McShane, Board of Trustees Will Discuss Charlie Rose’s Honorary Degree


Charlie Rose, who was Fordham’s commencement speaker and an honorary degree recipient in 2008, was recently accused by multiple women of sexual misconduct. (JON ROEMER/FORDHAM UNIVERSITY)


Following multiple accusations of sexual misconduct, broadcast journalist Charlie Rose was fired from CBS, PBS and Bloomberg. Now, Rev. Joseph M. McShane, S.J., president of Fordham University, is set to discuss the future of Rose’s honorary doctorate with the Board of Trustees.

Fordham awarded Rose an honorary doctorate in humane letters in 2008, when he was the university’s commencement speaker. McShane intends to discuss Rose and his honorary degree with the Board of Trustees at their Dec. 14 meeting, according to Bob Howe, assistant vice president for communications and special adviser to the president.

Accusations against Rose went public on Nov. 20 when eight women came forward in the Washington Post. In their accounts, they said Rose had made “unwanted sexual advances toward them, including lewd phone calls, walking around naked in their presence, or groping their breasts, buttocks or genital areas.”

“It is essential that these women know I hear them and that I deeply apologize for my inappropriate behavior,” Rose said in a statement to the Washington Post. “I am greatly embarrassed. I have behaved insensitively at times, and I accept responsibility for that, though I do not believe that all of these allegations are accurate. I always felt that I was pursuing shared feelings, even though I now realize I was mistaken.”

“I have learned a great deal as a result of these events, and I hope others will too,” his statement continues. “All of us, including me, are coming to a newer and deeper recognition of the pain caused by conduct in the past, and have come to a profound new respect for women and their lives.”

If the Board votes to rescind the honorary degree, it would be only the second time in the university’s history that Fordham has done so, with both instances due to sexual misconduct allegations.

In September 2015, the Board voted unanimously to withdraw the honorary doctorate of fine arts that the university had awarded Bill Cosby in 2001, when he was the commencement speaker.

“Fordham has never before rescinded an honorary degree,” a university statement issued at the time reads. “A recipient’s actions would have to be both unambiguously dishonorable and have a deep impact. By his own admission, Mr. Cosby’s sexual exploitation of women was premeditated and ongoing. Equally appalling is his longtime strategy of denigrating the reputations of women who accused him of such actions.”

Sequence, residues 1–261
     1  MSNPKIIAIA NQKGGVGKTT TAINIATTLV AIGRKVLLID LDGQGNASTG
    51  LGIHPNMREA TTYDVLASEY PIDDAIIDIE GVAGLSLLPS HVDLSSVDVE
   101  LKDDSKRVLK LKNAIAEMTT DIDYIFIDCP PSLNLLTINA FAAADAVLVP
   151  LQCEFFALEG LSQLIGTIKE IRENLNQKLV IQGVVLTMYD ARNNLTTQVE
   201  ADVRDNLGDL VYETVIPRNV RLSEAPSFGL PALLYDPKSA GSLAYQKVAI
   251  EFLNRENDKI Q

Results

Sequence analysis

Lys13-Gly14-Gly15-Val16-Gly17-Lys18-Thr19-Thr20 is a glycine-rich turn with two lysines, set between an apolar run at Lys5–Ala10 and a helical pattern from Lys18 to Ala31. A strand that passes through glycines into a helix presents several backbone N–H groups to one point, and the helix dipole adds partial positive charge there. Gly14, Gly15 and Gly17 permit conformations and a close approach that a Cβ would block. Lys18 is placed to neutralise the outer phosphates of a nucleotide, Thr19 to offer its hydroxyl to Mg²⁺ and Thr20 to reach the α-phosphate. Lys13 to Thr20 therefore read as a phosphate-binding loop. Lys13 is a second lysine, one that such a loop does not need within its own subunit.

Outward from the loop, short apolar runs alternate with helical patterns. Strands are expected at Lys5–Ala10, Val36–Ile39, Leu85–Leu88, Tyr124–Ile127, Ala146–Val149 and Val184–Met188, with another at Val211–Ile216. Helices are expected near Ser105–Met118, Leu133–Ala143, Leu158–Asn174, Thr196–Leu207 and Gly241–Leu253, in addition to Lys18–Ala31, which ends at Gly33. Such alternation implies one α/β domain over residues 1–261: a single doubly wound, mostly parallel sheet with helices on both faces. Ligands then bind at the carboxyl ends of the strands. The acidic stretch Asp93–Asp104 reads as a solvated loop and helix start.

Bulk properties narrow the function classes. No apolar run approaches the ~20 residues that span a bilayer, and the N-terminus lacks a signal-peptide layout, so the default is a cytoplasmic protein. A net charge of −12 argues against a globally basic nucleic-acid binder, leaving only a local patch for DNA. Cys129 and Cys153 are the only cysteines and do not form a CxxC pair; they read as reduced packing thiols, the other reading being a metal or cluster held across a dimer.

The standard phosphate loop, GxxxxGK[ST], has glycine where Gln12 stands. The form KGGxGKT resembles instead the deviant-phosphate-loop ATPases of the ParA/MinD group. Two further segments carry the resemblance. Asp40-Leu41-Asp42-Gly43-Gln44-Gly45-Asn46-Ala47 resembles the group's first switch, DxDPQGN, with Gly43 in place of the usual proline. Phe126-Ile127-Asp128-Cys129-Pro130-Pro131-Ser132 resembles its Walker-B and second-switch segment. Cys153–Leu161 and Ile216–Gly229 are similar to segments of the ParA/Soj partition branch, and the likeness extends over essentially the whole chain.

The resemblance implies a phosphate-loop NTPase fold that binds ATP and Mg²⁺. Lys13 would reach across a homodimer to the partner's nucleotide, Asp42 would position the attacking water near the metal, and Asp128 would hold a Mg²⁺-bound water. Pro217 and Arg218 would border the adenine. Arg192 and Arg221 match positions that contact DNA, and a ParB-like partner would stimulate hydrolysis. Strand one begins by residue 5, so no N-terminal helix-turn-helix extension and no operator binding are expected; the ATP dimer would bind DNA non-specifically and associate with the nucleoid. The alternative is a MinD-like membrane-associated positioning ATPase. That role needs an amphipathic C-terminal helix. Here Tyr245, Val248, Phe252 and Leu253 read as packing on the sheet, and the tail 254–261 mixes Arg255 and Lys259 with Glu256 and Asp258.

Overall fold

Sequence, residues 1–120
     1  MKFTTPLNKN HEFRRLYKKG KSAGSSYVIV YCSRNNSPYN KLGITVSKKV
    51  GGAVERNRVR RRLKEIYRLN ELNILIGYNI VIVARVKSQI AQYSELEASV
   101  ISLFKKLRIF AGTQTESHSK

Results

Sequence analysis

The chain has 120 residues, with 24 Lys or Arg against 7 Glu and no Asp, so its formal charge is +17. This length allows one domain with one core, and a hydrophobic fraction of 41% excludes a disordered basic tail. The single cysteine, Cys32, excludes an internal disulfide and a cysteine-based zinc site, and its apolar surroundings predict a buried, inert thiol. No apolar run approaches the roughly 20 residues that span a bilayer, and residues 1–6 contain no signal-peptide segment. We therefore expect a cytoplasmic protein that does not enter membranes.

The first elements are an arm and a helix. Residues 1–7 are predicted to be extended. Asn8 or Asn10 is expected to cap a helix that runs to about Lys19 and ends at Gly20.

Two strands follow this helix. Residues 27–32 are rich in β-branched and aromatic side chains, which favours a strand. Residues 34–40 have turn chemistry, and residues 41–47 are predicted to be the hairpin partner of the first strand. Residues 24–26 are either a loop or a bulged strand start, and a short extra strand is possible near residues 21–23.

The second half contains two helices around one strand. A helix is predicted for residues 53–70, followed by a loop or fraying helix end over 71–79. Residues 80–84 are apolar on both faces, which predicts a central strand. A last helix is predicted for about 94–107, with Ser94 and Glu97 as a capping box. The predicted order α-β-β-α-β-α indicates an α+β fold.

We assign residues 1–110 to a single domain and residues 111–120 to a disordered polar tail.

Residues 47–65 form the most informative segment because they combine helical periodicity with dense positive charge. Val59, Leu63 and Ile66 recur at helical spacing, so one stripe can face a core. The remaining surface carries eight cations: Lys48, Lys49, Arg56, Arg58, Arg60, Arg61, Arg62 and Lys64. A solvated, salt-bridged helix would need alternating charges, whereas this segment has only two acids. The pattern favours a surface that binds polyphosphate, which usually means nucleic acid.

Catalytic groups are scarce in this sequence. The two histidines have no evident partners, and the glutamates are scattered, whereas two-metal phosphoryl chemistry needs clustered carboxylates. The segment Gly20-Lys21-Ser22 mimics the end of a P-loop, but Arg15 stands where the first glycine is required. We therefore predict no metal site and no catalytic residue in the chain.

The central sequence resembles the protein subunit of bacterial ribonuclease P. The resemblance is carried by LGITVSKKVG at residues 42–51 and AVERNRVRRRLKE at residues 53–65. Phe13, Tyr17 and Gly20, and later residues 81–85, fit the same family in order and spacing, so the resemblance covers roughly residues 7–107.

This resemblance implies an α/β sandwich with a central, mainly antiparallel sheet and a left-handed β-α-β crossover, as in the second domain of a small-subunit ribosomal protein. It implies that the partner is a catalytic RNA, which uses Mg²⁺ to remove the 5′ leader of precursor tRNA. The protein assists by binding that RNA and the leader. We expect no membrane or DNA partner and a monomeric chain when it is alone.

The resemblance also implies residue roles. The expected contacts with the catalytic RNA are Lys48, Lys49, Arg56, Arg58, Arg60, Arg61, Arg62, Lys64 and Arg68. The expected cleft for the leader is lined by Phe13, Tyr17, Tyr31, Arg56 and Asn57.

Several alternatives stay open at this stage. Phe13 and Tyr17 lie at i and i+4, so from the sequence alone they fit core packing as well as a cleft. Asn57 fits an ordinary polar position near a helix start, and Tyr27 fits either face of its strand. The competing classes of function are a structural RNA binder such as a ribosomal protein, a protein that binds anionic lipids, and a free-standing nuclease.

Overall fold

“As a Jesuit university, Fordham could no longer stand behind the degree it had bestowed upon Mr. Cosby, hence this unprecedented action,” the statement concludes.

At the time, Fordham was joined in rescinding Cosby’s honorary degrees by Brown University and Marquette University, which is also a Jesuit institution.

So far, SUNY Oswego has initiated the process to revoke the honorary degree it gave Rose, and Montclair State University and North Carolina State University are engaged in discussions on the topic. The staff of The Technician, North Carolina State University’s student newspaper, called for the university to rescind Rose’s degree in a recent editorial.

Arizona State University, the University of Kansas, and Duke University have rescinded journalism awards given to Rose. Arizona State University’s journalism school rescinded the Walter Cronkite Award for Excellence in Journalism it gave to Rose in 2015, while the University of Kansas rescinded the William Allen White National Citation it had bestowed on Rose earlier this year. Duke University rescinded the Futrell Award for exemplary journalism that it gave to Rose in 2000. 

WFUV, Fordham’s radio station, awarded Rose with the Charles Osgood Award for Excellence in Broadcast Journalism in 2015. WFUV has not indicated the future of this award and did not respond to a request for comment from The Observer.

Cosby and Rose are not the only people around which conversations of rescinding honorary degrees has surfaced. In May 2015, the Board of Trustees rejected a petition to revoke the honorary degree it had awarded CIA Director John Brennan in 2011 when he was the university’s commencement speaker. A group of faculty members under the name Fordham Faculty Against Torture pushed for Brennan’s degree to be rescinded due to the CIA’s use of torture and extrajudicial punishment during his tenure. Lingering feelings around the topic were brought back up when Brennan was named the Distinguished Fellow for Global Security for Fordham Law School’s Center on National Security at the beginning of this semester.

While the future of Rose’s honorary degree from Fordham remains uncertain for the time being, a look back at his commencement remarks offers a bit of advice that seems even more salient now.

“You must define and connect with your values,” Rose said at the time. “Know what you stand for the rock-hard-place beyond which you don’t go because it will destroy you. Without a personal honor code, you will be without a rudder. With it, you will have an anchor no matter what the temptation.”